The funeral for a leading newspaper editor slain in a car bomb turned into a massive protest against Syria on Wednesday, drawing more than 100,000 Lebanese who blamed Damascus for the latest in a string of politically motivated killings.

Tens of thousands of flag-waving mourners marched behind the coffin of anti-Syrian campaigner Gibran Tueni as it snaked through the streets of Beirut. Thousands more, including mourners and political activists, gathered in two plazas as the procession passed by. Shouts of "Syria out" intermingled with patriotic music and the national anthem.

A general strike to mourn Tueni brought the country to a halt, closing banks, businesses and schools.

Police, who would not speak on the record because of the political sensitivity, estimated more than 100,000 people turned out for the funeral and the demonstrations. But other witnesses and observers said the turnout may have been as high as 200,000.

Tueni, the general manager and chief columnist of Lebanon's leading An-Nahar newspaper and an outspoken critic of Syria, was killed by a car bomb Monday as he was being driven to work in Beirut. He was the fourth anti-Syrian figure to be killed since a series of politically motivated bombings began in February with the assassination of former Prime Minister Rafik Hariri.

A previously unknown group has claimed responsibility for the blast that killed Tueni, two bodyguards and wounded 30 other people. But Tueni's colleagues and political allies have blamed Syria, which has denied involvement.

Hundreds of Lebanese troops and police took up positions in a central square where, on March 14, about a million people heard Tueni call for the withdrawal of Syrian forces from Lebanon.

"Everyone who takes to the street is saying 'enough killing,'" said Ghenwa Jalloul, a legislator and colleague of Tueni.

"We are here to say, no matter how many of us they kill, there will always be others to speak out," said 23-year-old Hiyam Dayekh, a Muslim university student. "We are not afraid."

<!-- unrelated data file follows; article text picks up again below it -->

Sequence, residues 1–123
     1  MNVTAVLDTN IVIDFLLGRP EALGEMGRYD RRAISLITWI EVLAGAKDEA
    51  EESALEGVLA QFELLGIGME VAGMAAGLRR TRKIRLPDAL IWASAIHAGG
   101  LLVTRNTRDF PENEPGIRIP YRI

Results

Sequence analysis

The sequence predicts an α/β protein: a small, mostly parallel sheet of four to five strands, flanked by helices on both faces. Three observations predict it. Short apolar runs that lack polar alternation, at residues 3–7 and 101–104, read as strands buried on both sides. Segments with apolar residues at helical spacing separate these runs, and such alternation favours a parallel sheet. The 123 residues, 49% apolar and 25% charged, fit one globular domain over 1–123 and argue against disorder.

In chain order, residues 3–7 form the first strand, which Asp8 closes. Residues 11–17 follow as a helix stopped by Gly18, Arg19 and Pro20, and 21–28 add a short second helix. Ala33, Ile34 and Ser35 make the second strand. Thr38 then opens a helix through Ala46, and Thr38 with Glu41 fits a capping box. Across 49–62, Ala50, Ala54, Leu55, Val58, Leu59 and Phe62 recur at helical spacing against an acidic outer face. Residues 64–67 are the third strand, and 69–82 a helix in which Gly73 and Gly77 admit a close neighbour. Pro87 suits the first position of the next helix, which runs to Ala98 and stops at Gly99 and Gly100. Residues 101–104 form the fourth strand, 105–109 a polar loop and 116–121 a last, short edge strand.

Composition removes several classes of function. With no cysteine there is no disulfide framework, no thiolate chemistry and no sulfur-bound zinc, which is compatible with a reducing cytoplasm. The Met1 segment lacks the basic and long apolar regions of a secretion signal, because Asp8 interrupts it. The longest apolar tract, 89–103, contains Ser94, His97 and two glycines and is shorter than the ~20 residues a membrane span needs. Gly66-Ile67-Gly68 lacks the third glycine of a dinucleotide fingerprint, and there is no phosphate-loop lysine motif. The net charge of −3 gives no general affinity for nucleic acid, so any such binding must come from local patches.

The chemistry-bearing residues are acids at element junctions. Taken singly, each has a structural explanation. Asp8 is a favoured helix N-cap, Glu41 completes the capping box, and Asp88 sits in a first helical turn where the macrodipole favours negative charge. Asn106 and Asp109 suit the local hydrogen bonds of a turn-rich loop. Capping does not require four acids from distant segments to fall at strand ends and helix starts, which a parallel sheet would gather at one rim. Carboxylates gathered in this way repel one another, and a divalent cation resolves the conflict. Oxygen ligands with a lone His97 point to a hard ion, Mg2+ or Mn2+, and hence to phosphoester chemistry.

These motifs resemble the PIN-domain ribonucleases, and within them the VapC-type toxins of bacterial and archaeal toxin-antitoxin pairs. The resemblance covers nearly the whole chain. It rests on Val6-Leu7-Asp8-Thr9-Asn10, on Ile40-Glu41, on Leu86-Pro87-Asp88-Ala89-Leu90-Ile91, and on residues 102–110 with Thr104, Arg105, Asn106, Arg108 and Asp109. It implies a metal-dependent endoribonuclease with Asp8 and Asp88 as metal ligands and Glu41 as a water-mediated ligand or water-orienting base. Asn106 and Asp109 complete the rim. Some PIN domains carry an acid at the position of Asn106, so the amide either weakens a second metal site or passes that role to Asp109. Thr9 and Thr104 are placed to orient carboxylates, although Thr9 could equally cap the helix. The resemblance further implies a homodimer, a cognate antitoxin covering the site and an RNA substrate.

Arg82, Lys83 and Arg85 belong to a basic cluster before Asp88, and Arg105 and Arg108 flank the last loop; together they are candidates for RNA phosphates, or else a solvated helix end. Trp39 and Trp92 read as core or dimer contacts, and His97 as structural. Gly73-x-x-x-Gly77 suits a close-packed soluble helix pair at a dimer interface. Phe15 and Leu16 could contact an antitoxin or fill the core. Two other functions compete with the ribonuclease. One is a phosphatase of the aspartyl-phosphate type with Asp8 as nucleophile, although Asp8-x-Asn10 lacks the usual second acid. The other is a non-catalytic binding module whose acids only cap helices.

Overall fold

Asked who was behind Tueni's killing, Dayekh replied: "Do you need to ask this question? It's 100 percent the Syrians."

The protest and funeral was by far the largest gathering since one million people took to Lebanon's streets on March 14 to demand Syria give up its hold on Lebanon at the peak of the drive to end Syria's dominance.

The funeral procession began in the Beirut district of Ashrafieh, which Tueni represented in parliament. The pallbearers rocked the coffin, a traditional sign of deep grief, as they walked slowly along several miles of streets lined with mourners. The procession passed through Gibran Tueni Square, named after Tueni's grandfather, who founded An-Nahar newspaper in 1933.

Some lit fireworks, and others applauded as the marchers passed.

At An-Nahar's offices in the city center, a giant portrait of Tueni hung down the side of the building. Thousands more men, women and children — families and political activists — waved Lebanese flags and held Tueni's picture, or those of Hariri and another An-Nahar journalist killed in a June bombing.

Many shouted slogans against Syria, its President Bashar Assad and his Lebanese ally, President Emile Lahoud. Lahoud has rejected the anti-Syrian majority's calls for him to step down after Syria withdrew its army from Lebanon in April.

Thousands gathered outside the Parliament and the St. George Eastern Orthodox Cathedral, applauding and blowing whistles as the coffins made their way through the crowd. The church bells tolled in mourning.

Tueni's daughter, Nayla, building on her father's call for Muslims and Christians to stay united to serve Lebanon, said: "An-Nahar will not die. Lebanon will not die. Freedom will not die. This is the pledge of loyalty to Gibran."

In a special session of parliament, legislator Akram Shehayeb said: "The equation is clear. He who gives orders is in Damascus. The executioner is here in Beirut."

The strike called by anti-Syrian groups was observed not only in Beirut, but also in the southern provincial capital of Sidon and in the mountains of central Lebanon. However, in eastern Lebanon regions where pro-Syrian groups are dominant, the strike call was ignored.

Leading anti-Syrian politician Walid Jumblatt called Tuesday for Assad's regime to be changed.

"This time this regime should change," Jumblatt told CNN in the first such call by a prominent Lebanese politician. "This guy in Damascus (Assad) is sick. If he stays, we won't have stability in the Middle East."

Earlier this week, the chief U.N. investigator into the Hariri assassination told the U.N. Security Council the latest evidence strengthened his conviction that Syrian and Lebanese intelligence officials were implicated. Syria has denied involvement in Hariri's killing.

France, at Lebanon's request, circulated a resolution in the Security Council that would broaden the scope of the U.N. investigation to include all the politically motivated killings in Lebanon since October 2004.